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      This is short but sweet. I absolutely love to see when approaches like this catch real bugs! It’s one thing to talk about correctness in theory, but people’s eyes tend to glaze over when it’s not connected to their daily life.

      I don’t think it’s controversial to say that any non-verified piece of code has at least a handful of legitimate bugs (not counting “bugs” from misspecification which are unavoidable). Sure, a subset of those might be so rare or trivial that it might not matter too much during everyday usage, but don’t we observe in practice that any given enough time and users all bugs eventually get hit?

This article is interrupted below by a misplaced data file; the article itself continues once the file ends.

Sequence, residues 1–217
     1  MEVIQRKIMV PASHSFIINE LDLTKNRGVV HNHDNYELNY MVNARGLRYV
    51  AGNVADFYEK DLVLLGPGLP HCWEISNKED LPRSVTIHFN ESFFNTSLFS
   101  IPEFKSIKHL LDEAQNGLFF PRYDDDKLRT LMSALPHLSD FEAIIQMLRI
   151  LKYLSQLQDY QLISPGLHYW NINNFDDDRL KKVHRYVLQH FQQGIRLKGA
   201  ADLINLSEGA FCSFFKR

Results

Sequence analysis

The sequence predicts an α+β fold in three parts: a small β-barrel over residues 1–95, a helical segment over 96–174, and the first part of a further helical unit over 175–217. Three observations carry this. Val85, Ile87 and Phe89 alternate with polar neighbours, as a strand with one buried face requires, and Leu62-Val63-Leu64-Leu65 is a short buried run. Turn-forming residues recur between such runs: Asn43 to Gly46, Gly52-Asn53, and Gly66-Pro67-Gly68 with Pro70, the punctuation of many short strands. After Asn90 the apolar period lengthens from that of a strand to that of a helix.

That probability has to be amplified for systems software as well, e.g. compilers and OS’s, since every piece of software has to touch these at some point. Long story short, thank the lord that our formal verification tools and techniques have taken a major leap forward in recent years, because there’s a lot of software that we actually need it for.